3 Comments

  1. If you get a phone call, you’re not at risk of fraud until you give the caller some valuable personal information. You should’ve at least listened to what they had to say before flipping the paranoid switch. Same goes for the e-mail, you need to educate yourself on what is phishing and what isn’t. You probably would’ve had a better outcome if you hadn’t been so paranoid. I think Airbnb made a “default judgement” based on your lack of response. It’s possible you’ll be reinstated after a couple weeks if they review the information you sent later, but if not, their default punishment seems to be closing your account and de-listing for one year. Then your only recourse is arbitration or listing your property outside of Airbnb.

  2. Yes, this happened to us as well. We had guests from hell who broke all our house rules beginning with bringing in extra guests beyond our stated limit, smoking in the house, flicking cigarette butts in the neighbors flower beds, being very loud at 2 am in the morning disturbing the neighbors. We were on vacation for the week which was ruined by these insane people.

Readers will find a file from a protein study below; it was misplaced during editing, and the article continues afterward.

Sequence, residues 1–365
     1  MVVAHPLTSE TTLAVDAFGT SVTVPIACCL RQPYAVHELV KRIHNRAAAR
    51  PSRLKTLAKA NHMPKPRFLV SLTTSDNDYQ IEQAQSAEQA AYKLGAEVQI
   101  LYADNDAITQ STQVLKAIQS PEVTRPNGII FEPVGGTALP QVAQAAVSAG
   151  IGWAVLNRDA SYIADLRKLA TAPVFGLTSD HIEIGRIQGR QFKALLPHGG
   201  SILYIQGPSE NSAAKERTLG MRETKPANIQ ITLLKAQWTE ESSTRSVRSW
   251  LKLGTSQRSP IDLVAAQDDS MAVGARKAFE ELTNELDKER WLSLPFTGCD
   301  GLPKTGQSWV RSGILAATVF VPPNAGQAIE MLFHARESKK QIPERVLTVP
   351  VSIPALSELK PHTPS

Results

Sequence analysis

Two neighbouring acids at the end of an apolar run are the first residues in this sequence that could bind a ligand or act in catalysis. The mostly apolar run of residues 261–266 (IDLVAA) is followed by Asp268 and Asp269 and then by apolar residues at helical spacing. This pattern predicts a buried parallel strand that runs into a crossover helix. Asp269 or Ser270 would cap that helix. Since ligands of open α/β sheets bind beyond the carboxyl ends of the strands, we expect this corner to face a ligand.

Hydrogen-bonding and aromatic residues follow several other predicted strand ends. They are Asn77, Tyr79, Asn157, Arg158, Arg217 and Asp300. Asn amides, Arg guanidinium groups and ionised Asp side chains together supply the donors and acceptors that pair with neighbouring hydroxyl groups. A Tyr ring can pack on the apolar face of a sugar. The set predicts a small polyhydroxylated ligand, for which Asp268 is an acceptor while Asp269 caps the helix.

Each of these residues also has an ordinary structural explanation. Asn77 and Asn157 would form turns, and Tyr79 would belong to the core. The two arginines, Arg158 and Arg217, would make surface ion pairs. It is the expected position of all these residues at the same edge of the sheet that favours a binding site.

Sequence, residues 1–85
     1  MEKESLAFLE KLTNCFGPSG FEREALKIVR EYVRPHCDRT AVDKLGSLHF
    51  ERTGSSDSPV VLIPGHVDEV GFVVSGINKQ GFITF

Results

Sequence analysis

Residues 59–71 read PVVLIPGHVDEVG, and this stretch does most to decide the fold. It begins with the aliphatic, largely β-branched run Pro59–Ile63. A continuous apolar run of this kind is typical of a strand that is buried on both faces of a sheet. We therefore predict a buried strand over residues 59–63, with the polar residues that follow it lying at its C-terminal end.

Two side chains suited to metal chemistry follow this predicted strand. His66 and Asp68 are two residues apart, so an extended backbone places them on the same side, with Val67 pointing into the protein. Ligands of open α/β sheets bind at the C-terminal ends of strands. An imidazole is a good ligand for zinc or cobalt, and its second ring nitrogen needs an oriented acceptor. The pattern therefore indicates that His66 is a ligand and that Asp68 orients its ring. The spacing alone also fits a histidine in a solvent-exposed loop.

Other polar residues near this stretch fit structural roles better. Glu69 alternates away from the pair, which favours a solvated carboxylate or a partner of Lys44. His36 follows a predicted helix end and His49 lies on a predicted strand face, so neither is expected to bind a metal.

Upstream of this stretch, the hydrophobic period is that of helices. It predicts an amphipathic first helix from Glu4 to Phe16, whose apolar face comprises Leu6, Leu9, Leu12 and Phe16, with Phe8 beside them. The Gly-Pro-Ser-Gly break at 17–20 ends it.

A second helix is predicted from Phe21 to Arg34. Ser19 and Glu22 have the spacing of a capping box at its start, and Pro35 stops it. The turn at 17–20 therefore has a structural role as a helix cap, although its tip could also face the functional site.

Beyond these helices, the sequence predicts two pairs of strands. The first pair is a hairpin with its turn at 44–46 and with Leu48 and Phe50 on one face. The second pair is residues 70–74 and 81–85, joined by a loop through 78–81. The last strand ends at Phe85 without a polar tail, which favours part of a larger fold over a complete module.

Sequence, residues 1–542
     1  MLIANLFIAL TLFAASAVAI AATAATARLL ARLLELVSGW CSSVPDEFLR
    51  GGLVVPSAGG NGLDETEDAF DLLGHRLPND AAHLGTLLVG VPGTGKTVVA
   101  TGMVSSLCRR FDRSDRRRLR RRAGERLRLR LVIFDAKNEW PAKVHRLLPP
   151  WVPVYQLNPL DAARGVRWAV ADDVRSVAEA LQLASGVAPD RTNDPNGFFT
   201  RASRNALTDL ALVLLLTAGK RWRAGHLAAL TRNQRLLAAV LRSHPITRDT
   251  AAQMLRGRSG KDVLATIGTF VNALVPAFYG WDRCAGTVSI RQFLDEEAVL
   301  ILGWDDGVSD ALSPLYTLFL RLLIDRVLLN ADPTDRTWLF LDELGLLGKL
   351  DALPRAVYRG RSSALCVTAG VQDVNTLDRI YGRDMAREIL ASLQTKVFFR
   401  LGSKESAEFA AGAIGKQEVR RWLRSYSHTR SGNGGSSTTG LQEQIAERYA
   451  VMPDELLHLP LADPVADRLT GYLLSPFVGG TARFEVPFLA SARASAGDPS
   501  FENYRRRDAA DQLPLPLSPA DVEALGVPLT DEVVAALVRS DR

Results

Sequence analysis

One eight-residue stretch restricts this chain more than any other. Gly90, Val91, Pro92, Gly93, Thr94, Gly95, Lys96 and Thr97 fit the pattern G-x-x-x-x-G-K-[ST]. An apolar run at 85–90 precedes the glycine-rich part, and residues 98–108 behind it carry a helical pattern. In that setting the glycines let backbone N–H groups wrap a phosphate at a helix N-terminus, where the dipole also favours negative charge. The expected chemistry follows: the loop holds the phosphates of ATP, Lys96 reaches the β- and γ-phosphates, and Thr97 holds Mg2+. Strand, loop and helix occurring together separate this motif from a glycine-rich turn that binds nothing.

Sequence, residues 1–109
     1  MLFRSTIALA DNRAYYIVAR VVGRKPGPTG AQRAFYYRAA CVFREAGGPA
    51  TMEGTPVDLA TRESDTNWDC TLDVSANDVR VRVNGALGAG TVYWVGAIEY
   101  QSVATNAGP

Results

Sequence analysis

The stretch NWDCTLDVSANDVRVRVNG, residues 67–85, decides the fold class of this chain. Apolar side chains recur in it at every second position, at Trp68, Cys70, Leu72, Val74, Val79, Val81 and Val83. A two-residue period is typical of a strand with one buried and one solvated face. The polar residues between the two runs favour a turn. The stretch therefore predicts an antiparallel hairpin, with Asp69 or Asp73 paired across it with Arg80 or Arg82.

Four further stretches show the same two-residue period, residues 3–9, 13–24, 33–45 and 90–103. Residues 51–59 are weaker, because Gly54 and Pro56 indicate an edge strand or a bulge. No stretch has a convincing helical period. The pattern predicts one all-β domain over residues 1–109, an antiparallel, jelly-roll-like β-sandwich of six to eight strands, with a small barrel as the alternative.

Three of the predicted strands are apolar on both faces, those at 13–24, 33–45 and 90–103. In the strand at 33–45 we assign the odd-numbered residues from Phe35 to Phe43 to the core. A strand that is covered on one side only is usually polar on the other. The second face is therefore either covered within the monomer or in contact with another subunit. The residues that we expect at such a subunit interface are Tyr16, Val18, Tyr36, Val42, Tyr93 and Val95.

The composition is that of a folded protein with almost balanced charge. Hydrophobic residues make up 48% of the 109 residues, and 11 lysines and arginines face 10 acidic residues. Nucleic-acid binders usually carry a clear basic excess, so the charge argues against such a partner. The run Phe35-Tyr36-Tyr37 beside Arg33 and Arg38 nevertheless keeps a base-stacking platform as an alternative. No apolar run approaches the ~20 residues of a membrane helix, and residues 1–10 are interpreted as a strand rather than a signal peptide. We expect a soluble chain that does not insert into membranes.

Then they made up complaints about us to Airbnb and wrote a bad review. Airbnb unlisted us without telling us. They gave us the run around for months constantly transferring us to yet another case manager.
    Months later they told us that they were not going to remove the bad review In spite of the fact that the guests were blatantly lying which was evident in the Airbnb messaging platform.
    It was a nightmare. They did finally reinstate our listing but not until a great deal of financial and emotional harm to us. They are not a trusted business partner. We decided to get out of the vacation rental business all together. I will be surprised if Airbnb can stay in business with their totally inept business practices and inept customer service.

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